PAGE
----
The vast majority of the evangelical churches here are small, with 15–20 people. Other than the Brethren assemblies, the main evangelical denominations are Baptist, various forms of Pentecostal, Nazarenes (similar to Mennonite), and nondenominational churches. Among the traditional churches, like Slovak Lutheran and Hungarian Reformed, a few pastors are evangelical and preach the Gospel. Evangelicals, by the most accurate estimates, comprise less than one percent of the population. More than half of them live in the northern part of the country among the minority ethnic groups: Slovak, Hungarian, Romanian, and Roma.
Religious affiliation and belief are inseparable from ethnic identity in the Serbian mentality. Evangelical Christianity is seen as a foreign faith, and patriotic passions run high in Serbia. So Serbians view evangelicals as a “sect”—a word carrying much negative connotation here. It is not easy to be a believer in a country with so few people who are of “like precious faith.” (2 Peter 1:1)
Many of the young people who grow up in the evangelical churches either leave the faith or leave the country, hoping to find a better life in the West. As a result, many churches are weak, with little hope for future existence. This problem is especially pronounced among the Brethren assemblies. Of the 11 assemblies in Serbia, about half are on the brink of extinction. Others are in varying states of health. In Belgrade, the assembly disappeared several years ago. The building still stands, periodically used by another church. Amid this bleak picture, godly and faithful believers are praying and longing for new additions to their assemblies. Would you pray along with them?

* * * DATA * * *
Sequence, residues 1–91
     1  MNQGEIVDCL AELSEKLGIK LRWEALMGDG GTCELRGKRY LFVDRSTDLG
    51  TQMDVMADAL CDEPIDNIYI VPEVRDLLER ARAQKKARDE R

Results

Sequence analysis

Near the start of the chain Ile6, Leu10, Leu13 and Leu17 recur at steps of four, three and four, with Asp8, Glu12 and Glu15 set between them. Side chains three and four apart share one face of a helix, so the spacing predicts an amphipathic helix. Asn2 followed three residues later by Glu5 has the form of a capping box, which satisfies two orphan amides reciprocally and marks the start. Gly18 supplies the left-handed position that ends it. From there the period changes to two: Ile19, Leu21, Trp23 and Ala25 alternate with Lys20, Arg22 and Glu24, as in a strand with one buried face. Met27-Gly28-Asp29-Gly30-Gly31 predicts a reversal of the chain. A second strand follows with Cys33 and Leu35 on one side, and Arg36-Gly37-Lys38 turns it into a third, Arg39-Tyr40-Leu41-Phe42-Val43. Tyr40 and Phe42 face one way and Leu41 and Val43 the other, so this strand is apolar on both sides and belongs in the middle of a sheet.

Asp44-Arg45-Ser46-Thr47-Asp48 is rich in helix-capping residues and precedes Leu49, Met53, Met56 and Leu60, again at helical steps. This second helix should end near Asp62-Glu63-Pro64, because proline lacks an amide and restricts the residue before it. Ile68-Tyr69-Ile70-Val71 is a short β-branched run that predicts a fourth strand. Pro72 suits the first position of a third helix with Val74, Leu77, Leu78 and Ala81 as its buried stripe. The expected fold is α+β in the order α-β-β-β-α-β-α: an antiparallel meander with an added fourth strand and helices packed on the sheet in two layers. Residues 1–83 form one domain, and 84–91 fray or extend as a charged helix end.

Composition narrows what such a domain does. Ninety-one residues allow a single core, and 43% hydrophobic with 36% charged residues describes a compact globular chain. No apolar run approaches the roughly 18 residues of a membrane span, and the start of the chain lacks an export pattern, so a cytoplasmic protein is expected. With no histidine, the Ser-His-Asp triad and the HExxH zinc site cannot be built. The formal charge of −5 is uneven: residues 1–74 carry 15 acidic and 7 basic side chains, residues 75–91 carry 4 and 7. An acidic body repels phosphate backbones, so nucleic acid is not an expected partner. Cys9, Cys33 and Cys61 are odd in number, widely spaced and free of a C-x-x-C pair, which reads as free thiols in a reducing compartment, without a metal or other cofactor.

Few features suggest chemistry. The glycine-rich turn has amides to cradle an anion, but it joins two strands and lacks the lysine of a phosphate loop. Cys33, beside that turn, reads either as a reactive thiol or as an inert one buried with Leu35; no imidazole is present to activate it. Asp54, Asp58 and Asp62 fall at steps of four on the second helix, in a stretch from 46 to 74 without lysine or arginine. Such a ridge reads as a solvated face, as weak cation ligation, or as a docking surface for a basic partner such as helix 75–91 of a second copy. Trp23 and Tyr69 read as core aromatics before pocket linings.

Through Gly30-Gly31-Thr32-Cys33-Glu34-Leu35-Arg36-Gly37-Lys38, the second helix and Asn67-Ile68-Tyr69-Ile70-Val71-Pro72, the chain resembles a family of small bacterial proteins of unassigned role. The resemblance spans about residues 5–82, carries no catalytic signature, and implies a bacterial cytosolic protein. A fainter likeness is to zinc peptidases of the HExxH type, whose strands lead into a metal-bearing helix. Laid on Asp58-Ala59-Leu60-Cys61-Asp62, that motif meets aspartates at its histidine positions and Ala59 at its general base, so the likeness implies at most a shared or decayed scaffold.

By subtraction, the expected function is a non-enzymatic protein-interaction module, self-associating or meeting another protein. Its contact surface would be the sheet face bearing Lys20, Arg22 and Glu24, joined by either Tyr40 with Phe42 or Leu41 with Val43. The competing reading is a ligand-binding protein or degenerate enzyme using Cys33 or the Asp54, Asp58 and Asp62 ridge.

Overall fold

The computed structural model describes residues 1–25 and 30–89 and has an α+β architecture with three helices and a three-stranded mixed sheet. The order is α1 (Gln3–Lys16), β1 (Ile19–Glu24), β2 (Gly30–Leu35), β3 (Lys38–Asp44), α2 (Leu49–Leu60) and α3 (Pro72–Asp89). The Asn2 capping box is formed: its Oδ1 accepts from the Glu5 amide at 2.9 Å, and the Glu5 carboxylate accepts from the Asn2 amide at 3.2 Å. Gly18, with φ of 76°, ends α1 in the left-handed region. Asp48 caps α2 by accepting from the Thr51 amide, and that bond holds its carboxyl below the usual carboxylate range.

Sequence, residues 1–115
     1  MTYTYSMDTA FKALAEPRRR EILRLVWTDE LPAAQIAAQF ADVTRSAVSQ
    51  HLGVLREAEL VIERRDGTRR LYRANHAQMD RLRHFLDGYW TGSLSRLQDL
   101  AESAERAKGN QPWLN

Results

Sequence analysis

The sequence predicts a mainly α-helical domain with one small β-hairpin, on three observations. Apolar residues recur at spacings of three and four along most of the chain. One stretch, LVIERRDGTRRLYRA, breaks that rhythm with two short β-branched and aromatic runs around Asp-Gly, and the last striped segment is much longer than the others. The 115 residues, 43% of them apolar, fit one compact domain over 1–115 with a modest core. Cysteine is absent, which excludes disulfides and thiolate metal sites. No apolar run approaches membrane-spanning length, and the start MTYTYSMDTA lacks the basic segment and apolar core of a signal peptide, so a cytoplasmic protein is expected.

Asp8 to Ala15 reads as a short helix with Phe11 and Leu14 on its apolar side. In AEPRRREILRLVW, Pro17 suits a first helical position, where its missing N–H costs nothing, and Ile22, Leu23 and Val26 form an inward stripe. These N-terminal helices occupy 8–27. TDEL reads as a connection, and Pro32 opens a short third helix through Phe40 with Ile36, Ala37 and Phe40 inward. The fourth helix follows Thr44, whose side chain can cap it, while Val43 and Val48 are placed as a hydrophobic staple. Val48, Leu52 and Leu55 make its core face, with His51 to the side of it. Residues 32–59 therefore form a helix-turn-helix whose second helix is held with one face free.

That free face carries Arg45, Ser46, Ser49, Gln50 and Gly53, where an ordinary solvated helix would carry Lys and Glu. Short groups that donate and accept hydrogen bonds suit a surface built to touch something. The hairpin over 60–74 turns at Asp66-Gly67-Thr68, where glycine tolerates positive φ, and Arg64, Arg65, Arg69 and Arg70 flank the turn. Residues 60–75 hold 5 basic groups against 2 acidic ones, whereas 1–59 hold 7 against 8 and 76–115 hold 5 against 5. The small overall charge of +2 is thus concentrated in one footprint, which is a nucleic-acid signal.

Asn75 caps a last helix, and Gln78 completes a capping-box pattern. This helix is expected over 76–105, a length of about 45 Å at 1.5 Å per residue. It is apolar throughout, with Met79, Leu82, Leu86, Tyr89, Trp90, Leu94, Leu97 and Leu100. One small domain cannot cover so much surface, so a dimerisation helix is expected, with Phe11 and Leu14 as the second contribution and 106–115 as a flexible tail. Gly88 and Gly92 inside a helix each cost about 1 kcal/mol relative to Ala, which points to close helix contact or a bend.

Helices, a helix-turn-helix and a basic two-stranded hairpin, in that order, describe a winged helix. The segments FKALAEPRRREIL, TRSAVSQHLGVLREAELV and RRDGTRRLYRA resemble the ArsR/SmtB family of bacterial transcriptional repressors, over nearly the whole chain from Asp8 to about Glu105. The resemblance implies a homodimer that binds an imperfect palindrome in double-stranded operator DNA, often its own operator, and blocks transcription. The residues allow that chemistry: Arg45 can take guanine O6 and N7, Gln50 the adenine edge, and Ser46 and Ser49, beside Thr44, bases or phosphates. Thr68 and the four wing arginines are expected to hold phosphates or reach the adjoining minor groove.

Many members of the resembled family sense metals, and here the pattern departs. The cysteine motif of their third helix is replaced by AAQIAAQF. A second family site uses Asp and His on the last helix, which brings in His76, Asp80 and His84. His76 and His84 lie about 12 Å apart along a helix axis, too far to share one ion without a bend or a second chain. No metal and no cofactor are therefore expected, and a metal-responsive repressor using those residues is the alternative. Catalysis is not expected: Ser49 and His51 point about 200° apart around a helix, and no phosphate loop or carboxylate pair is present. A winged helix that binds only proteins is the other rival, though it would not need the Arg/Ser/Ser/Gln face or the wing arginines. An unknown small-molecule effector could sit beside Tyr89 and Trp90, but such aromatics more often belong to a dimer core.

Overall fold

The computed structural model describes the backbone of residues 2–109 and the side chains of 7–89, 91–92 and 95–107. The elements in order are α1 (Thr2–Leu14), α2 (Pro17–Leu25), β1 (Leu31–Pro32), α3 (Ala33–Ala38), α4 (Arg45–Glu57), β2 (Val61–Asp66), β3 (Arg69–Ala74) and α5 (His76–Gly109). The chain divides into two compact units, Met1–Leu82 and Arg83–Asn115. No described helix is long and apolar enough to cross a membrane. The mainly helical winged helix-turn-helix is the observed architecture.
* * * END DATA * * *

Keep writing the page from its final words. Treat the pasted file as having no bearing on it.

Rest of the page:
Rays of hope
Despite these challenges, people are coming to faith in small numbers. One group the Gospel has begun to reach is people with drug addictions. The desperation accompanying drug addiction seems to help break down the nationalistic resistance to the Gospel. A few evangelical rehab centers lead good ministries, and some people leave the programs radically saved and on fire for the Lord. They influence their families and other Orthodox people because they are evidence that the evangelical church’s teaching has power. Some attend the Bible school when they leave the rehab centers, and we are privileged to have them.
A bright spot is a group of young people who study the Bible and pray together in the leading assembly in Bački Petrovac. In recent months, they have seen a few conversions. They also seek ways to evangelize their classmates.
Another ray of hope is the number of new Roma believers coming into the assembly circles. A group of younger, growing believers—mostly Roma—meet in Kikinda, in a new chapel built with help from believers in Northern Ireland. In Belgrade, another Roma group in various stages of spiritual health has affiliated with the assemblies. We are working with them in evangelism and discipleship, hoping that they can resume regular Sunday meetings soon.